Left foot with a moderately low arch

Pes Planus (Flat Feet)

What is it?

Pes planus or flat feet is when the arch on the inside of the foot is lower than what would be considered normal. This may be worse on one foot compared to the other. Pes planus (flat feet) can be mild, moderate, or severe.

What will I see and feel?

Imprint of flat feet
Figure 1: Flat feet imprint

Mild and moderate pes planus (flat feet) is harder to see as the arch is lower than normal, but not completely flat on the ground. When looking from the side, the arch may only be one or two centimeters from the ground. This is not an exact measurement, but may give an idea about what to look for. When standing, the inside of the ankle may turn inwards.

With severe pes planus (flat feet), the arch is completely flat on the ground and the arch is not visible from the inside of the foot. When walking on the beach or with wet feet, the foot leaves an impression without any gaps on the inside of the foot (see Figure 1). A bone on the inside of the foot may bulge out to the side. This bone may rub against the ground or the side of the shoe causing redness, pain, and/or callusing.


By age six, the arch has developed. Prior to this age, it is normal to see kids with flat feet. Once their arch has developed, it is important to determine how the foot has developed to prevent and understand any pain in the future.


Pes planus (flat feet) is commonly related to genetics. If you have flat feet, it is very likely that someone on either side of the family have the same feet.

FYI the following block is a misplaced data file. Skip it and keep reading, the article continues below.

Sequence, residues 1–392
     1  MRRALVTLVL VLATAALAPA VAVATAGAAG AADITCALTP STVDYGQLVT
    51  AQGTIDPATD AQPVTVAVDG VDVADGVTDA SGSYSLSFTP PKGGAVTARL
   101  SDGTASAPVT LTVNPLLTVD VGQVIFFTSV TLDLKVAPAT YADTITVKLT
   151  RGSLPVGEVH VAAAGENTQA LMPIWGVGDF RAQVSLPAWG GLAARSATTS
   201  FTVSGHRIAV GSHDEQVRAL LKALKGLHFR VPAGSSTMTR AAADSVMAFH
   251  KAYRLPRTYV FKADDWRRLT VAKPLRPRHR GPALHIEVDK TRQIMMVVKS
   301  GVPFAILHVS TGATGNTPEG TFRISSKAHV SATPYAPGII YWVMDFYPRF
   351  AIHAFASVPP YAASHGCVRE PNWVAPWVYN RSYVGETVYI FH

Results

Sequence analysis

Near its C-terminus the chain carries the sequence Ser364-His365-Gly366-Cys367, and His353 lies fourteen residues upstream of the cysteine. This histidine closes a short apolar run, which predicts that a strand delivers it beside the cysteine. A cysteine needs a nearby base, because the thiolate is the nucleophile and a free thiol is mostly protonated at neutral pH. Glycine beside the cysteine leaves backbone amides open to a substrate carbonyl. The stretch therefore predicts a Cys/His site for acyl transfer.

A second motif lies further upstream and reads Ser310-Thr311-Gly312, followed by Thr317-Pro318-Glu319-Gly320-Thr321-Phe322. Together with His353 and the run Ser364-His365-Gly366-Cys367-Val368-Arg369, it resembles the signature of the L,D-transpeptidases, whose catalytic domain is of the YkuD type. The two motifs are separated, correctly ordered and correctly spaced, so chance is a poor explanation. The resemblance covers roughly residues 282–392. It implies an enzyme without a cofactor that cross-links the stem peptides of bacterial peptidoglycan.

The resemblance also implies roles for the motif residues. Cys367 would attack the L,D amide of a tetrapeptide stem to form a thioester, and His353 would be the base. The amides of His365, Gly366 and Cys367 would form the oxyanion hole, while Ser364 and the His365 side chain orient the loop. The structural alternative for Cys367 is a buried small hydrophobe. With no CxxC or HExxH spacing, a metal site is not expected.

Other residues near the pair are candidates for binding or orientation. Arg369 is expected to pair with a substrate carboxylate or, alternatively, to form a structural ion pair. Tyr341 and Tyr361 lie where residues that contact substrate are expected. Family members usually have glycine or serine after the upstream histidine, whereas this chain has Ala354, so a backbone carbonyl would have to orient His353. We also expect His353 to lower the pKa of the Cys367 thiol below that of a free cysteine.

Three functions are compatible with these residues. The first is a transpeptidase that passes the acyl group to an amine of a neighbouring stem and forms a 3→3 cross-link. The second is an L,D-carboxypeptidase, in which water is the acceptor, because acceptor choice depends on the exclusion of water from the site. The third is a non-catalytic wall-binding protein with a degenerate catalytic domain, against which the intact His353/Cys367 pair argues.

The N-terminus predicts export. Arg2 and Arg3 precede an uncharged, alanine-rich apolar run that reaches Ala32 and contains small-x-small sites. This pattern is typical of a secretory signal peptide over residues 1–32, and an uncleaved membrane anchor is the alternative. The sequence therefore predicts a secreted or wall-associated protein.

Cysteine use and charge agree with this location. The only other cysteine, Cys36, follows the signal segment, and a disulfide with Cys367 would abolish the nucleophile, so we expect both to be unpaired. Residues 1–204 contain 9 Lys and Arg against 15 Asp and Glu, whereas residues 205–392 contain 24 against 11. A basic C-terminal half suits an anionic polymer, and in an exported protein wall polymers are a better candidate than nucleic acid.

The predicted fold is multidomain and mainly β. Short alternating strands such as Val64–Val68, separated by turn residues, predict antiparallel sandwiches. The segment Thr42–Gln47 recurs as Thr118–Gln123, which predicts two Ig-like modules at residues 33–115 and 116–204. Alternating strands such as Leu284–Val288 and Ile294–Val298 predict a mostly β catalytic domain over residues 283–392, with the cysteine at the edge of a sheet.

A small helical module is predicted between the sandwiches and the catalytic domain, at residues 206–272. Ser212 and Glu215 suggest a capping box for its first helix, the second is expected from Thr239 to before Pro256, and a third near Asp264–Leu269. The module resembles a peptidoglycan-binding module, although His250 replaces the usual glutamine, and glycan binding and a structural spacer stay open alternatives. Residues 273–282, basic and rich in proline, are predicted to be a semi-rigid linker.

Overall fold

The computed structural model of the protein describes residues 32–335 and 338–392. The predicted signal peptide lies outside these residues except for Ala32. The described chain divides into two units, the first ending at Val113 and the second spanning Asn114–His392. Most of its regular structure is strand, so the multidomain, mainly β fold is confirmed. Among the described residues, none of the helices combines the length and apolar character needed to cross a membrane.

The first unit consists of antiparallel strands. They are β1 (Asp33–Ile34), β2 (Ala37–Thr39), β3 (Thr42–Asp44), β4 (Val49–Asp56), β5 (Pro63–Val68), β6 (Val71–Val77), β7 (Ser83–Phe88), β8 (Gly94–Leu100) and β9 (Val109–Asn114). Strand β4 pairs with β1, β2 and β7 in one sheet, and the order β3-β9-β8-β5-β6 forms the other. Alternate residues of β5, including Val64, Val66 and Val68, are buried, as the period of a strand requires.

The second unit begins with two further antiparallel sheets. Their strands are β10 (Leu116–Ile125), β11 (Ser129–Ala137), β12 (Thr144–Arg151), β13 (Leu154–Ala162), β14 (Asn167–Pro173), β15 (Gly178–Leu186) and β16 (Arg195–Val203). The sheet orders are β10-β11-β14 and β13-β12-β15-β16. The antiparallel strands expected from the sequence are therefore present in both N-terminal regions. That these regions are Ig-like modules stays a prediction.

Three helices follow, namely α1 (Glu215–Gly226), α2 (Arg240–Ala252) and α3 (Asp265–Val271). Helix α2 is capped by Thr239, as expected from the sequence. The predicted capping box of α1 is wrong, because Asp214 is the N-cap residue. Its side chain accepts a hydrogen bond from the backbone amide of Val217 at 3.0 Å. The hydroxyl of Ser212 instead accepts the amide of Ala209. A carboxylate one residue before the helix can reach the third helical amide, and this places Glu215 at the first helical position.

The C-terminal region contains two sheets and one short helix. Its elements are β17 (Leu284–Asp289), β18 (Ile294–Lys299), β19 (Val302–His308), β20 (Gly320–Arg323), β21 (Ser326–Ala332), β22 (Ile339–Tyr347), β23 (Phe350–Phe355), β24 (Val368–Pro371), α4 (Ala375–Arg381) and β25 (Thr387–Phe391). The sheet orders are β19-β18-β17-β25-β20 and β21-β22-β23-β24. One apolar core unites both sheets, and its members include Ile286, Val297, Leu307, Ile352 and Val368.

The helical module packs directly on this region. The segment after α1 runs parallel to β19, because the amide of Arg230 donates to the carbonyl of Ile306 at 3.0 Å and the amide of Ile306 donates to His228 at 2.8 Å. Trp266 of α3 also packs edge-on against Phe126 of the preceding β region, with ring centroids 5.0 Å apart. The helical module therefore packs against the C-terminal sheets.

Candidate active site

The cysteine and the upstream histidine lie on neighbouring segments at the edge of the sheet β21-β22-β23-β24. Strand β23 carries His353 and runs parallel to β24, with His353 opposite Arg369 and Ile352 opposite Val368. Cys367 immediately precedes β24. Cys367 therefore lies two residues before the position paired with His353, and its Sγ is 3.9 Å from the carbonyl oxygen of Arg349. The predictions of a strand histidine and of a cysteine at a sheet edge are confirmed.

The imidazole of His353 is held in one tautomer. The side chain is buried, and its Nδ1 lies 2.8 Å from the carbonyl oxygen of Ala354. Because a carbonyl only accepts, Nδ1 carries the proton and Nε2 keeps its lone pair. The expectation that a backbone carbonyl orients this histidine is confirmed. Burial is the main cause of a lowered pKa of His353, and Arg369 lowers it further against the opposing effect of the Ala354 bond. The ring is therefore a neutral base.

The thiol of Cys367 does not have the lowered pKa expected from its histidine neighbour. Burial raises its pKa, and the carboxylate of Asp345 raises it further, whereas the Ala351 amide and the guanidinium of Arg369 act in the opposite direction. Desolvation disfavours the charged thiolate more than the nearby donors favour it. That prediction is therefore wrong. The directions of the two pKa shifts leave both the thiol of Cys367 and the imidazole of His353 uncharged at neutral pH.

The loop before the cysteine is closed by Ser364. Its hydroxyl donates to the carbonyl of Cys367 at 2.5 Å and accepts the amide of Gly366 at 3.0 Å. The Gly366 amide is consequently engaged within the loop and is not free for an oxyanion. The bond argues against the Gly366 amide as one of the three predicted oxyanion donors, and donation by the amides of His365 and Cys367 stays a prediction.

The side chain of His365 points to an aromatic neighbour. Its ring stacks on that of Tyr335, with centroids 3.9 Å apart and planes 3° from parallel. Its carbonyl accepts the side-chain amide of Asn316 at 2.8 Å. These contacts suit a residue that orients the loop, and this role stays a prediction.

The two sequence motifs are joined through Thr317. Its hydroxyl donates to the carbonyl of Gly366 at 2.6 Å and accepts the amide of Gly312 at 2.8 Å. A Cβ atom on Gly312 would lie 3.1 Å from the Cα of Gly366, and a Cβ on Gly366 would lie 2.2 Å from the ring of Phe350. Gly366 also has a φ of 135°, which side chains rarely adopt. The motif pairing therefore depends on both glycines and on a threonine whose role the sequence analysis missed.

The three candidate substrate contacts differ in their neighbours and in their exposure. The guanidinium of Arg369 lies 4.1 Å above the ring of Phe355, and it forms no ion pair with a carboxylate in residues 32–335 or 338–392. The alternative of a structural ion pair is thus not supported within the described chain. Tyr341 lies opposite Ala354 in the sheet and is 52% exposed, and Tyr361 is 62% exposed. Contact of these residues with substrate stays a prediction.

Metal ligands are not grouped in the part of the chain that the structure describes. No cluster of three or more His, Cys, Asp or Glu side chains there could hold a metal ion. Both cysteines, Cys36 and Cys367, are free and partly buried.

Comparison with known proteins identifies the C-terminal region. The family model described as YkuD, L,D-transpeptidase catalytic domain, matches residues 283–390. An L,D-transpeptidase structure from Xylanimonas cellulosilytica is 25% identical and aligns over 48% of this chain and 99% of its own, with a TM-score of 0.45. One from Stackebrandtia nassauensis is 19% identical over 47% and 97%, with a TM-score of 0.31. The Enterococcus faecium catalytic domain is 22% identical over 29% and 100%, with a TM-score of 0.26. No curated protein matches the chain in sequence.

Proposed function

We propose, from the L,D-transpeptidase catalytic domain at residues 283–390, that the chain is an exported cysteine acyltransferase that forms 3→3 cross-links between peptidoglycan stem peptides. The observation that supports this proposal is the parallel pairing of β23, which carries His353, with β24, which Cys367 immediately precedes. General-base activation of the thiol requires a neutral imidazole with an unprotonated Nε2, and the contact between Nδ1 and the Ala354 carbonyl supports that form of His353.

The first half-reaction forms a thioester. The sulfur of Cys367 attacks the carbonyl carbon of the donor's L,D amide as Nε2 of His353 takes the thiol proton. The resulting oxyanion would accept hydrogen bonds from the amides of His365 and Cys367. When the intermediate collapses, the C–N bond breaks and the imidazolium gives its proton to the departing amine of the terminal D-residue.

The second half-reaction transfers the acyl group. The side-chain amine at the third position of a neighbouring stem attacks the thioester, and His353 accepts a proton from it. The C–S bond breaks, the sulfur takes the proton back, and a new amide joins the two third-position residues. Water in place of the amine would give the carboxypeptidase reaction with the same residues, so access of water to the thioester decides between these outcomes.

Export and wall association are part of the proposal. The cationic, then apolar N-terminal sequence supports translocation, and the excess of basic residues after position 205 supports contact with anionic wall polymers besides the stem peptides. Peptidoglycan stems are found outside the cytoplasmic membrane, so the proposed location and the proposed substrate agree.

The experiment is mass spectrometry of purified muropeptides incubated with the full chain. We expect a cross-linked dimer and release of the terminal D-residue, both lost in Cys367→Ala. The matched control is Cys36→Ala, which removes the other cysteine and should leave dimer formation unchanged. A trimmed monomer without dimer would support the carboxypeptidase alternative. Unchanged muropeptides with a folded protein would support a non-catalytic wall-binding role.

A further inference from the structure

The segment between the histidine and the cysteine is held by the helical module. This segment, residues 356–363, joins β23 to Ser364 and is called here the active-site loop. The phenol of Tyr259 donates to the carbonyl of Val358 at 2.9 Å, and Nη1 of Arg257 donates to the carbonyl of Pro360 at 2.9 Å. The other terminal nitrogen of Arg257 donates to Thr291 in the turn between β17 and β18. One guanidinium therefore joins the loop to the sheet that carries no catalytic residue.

Over time, the arch may decrease. This could be due factors such as surgery, an injury, rapid weight gain (such as pregnancy), age related, or certain conditions. There are lots of structures holding the arch up. If any of these structures weaken, stretch, or move, the arch may collapse.

Why now?

You may not realize you have pes planus (flat feet) until someone tells you or pain develops. This pain may develop from a specific incident or an accumulation over time. As mentioned above, the acquired factors may cause pes planus (flat feet) later in life.

Injury or Surgery

After a major injury or surgery to the feet, they typically change because the foot is directly affected. An injury or surgery higher up, such as the knees, hips, or lower back, may not have an immediate effect to the arch height, but may change the way you are walking.


With such a rapid weight change, the feet do not have time to adapt and tend to collapse. Some notice the collapse after their first pregnancy, and some not until their second or third. A common sign of arch collapse is an increase in shoe size. This increase may be in the length or width, depending on which arch collapses.


Over time, the muscles weaken and the ligaments start to stretch. When this happens, the arch begins to collapse and change.


Certain conditions may weaken the foot and accelerate or worsen the development of pes planus (flat feet). One example of this is diabetes. A complication of diabetes is neuropathy, which may hide an injury or prevent healing leading to something called Charcot Foot. This is similar to a severe pes planus (flat feet).


Gloved hand holding up a foot orthotic to the bottom of a foot

Custom orthotics support the arch to prevent and relieve pain that is associated with flat feet. Pain may develop from overworked muscles, worn out joints, stretched ligaments, or friction from contact on the floor or shoes. Over the counter inserts are another way to support without the custom features. This may be used to prevent pain or in children growing rapidly.

Because our feet change over time, we typically recommend yearly checkups, and recasting after five years or after a major change that may affect the feet.


It is important to strengthen the feet to prevent further collapse over time. If consistent, strengthening may also increase the arch slightly. The effectiveness of strengthening depends on the severity and mobility of the feet.


If you would like more information, feel free to contact us!

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